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Old 03-03-2014, 03:52 PM
lake weir skier lake weir skier is offline
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Boat: 1994 MasterCraft ProStar 190, 350 TBI, 1:1
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Seeking recommendations for specific gelcoat problem areas

I think I know how to handle oxidation and very minor scratches on my boat, but there are four small areas that are more severe than the rest of the problems with my gelcoat that I'm unsure about. I'm seeking input from folks with experience dealing with stuff like this on how to approach these four areas. The maximum depth for each was measured with a digital caliper. To the extent a problem area is porous, the bluntness of my caliper may result in understating maximum depth of the problem area somewhat. This 1994 is Oyster with a Dark Teal major stripe and Hot Pink and gray minor stripes. If additional information would help, please let me know. Thanks for any help.


No. 1 - Located on side of boat above Mastercraft decal
Maximum depth = 23 mils (about 90 percent is 10-15 mils)

Name:  No. 1 - Located on side of boat above Mastercraft decal.jpg
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No. 2 - Located on bow above rub rail
Maximum depth = 5 mils

Name:  No. 2 - Located on bow above rub rail.jpg
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No. 3 - Located above rear vent
Maximum height = 25 mils

Name:  No. 3 - Located above rear vent.jpg
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No. 4 - Located below waterline
Maximum depth = 61 mils

Name:  No. 4 - Located below waterline.jpg
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Last edited by lake weir skier; 03-03-2014 at 03:54 PM. Reason: Typo
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  #2  
Old 03-03-2014, 04:45 PM
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mikeg205 mikeg205 is offline
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You can try spectrum colors and do the work yourself - perfect matching will be impossible due to age of boat. http://www.spectrumcolor.com/Index.aspx?key=cat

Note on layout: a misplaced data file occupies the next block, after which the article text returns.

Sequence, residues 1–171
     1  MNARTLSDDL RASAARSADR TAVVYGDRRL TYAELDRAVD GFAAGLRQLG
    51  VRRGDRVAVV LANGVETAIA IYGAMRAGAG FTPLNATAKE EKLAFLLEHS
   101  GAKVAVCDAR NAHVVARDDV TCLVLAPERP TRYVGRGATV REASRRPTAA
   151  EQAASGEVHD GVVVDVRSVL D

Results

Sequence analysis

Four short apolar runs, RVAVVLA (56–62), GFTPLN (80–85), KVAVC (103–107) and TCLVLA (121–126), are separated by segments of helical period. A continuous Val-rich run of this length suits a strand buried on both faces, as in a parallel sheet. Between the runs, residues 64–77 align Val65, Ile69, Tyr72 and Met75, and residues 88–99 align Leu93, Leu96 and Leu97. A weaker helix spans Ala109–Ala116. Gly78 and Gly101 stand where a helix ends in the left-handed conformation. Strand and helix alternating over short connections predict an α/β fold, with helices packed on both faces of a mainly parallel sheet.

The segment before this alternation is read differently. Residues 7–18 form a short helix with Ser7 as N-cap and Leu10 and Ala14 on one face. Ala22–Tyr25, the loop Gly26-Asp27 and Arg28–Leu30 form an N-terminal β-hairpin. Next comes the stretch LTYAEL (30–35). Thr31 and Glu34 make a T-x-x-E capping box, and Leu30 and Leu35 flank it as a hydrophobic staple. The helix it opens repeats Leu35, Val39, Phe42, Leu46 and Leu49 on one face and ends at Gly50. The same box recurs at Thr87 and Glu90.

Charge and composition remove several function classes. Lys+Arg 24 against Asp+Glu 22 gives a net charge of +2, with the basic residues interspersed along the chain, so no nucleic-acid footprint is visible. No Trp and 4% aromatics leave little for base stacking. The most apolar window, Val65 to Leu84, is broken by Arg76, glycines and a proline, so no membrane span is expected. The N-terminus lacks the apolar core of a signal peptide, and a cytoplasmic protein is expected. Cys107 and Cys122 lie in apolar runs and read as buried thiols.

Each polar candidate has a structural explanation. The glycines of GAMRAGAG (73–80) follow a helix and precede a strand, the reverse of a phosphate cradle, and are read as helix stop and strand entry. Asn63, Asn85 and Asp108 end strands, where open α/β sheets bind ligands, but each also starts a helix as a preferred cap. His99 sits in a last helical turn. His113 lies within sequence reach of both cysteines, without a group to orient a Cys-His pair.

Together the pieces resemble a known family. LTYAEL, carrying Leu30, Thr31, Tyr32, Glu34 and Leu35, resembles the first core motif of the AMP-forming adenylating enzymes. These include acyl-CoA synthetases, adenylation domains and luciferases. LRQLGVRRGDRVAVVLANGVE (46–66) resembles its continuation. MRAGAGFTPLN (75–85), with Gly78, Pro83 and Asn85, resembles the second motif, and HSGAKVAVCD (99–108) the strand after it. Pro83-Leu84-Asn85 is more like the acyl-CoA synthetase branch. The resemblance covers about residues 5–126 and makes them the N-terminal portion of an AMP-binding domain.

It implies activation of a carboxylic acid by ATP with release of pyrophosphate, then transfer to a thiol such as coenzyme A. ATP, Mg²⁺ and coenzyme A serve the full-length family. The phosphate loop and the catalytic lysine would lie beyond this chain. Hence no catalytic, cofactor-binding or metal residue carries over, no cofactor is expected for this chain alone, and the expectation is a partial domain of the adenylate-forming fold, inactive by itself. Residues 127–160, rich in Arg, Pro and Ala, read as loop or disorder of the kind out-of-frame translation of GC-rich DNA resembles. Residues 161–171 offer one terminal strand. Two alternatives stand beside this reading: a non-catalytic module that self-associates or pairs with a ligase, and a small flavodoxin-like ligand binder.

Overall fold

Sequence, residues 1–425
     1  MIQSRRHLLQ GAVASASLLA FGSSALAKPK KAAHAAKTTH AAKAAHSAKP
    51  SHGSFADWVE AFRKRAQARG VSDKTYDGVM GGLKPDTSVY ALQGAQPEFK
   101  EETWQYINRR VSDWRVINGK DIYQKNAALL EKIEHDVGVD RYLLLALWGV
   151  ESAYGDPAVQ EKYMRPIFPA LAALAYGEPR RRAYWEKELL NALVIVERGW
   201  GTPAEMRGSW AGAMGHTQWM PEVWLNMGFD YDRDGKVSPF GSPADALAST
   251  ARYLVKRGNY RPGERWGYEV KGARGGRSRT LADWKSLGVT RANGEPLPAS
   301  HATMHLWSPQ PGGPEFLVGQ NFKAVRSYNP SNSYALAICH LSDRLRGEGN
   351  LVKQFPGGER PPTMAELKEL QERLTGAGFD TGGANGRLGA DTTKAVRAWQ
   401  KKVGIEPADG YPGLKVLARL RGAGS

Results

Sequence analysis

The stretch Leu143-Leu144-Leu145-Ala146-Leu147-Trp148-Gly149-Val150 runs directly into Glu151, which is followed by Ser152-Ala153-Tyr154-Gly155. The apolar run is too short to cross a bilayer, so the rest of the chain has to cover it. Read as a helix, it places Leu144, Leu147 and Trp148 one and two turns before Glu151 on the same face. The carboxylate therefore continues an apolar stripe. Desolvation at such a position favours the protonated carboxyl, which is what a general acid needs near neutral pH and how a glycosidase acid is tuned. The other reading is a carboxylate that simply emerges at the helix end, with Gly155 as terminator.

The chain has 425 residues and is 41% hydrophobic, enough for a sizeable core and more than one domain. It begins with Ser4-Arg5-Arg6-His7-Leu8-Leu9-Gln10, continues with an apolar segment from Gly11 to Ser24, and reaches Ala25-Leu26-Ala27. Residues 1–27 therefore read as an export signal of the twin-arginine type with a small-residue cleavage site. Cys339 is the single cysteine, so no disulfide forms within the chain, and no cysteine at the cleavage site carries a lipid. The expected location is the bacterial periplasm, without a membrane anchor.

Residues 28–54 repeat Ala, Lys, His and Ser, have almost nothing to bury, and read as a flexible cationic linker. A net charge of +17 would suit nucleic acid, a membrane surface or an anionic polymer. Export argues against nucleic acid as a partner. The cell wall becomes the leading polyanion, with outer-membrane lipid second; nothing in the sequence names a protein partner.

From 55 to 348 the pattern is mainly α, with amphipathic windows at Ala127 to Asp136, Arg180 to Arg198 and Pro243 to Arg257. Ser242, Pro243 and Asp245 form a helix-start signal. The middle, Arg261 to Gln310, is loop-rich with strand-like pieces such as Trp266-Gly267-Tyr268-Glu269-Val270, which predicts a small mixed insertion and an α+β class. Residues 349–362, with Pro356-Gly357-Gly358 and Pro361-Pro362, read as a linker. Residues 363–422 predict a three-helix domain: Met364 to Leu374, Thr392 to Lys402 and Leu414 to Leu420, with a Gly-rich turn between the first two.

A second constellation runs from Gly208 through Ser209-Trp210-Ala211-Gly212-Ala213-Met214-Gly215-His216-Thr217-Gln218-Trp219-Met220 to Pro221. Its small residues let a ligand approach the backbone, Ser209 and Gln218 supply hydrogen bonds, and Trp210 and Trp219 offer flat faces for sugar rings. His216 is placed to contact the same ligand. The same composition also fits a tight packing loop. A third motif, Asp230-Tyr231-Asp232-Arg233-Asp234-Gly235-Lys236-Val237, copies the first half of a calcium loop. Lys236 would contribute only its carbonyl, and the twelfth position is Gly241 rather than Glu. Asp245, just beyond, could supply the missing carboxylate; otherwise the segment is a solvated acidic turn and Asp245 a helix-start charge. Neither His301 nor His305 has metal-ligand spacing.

Most of that can be fixed DIY IMO - unless you want it as close to perfect. It should at least be covered - many good videos on Youtube on this kind of repair.

You can even get gel coat tint to play with color matching.
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Old 03-03-2014, 05:33 PM
cruiser cruiser is offline
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I have matched faded gel-coat in the past with this method. Put several pieces of masking tape on the side of the boat you are going to repair. Mix samples and put it on the masking tape until you get a good match.
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Old 03-03-2014, 10:45 PM
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blackhawk blackhawk is offline
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#1) 23 mils is pretty deep. I had to flake off some gelcoat around an area on my keel that was loose due to the PO. The piece that I flaked off was 35 mils at its thickest point, 25 mils at its thinnest. If you sand enough to clean up the scratches, I think that you will probably eat through the gelcoat. Most likely will need to grind it out and apply gelcoat.

#2) The scratches in the blue part should sand right out. That one place in the white looks deep. May have to grind out that one.

#3) That looks like a little blister area. I would say that you will need to stick a small blade in that crack and see if any surrounding area flakes off.

#4) It doesn't look like those holes got into the fiberglass, so that is good. You may have to add a little fairing putty to smooth out the bottom of the holes, before applying gelcoat.

Check out this website. http://boatworkstoday.com/ This guy really goes through the process step by step and actually tells you the names of the materials that you need.
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Old 03-03-2014, 11:00 PM
lake weir skier lake weir skier is offline
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Quote:
Originally Posted by mikeg205 View Post
You can try spectrum colors and do the work yourself - perfect matching will be impossible due to age of boat. http://www.spectrumcolor.com/Index.aspx?key=cat

Most of that can be fixed DIY IMO - unless you want it as close to perfect. It should at least be covered - many good videos on Youtube on this kind of repair.

You can even get gel coat tint to play with color matching.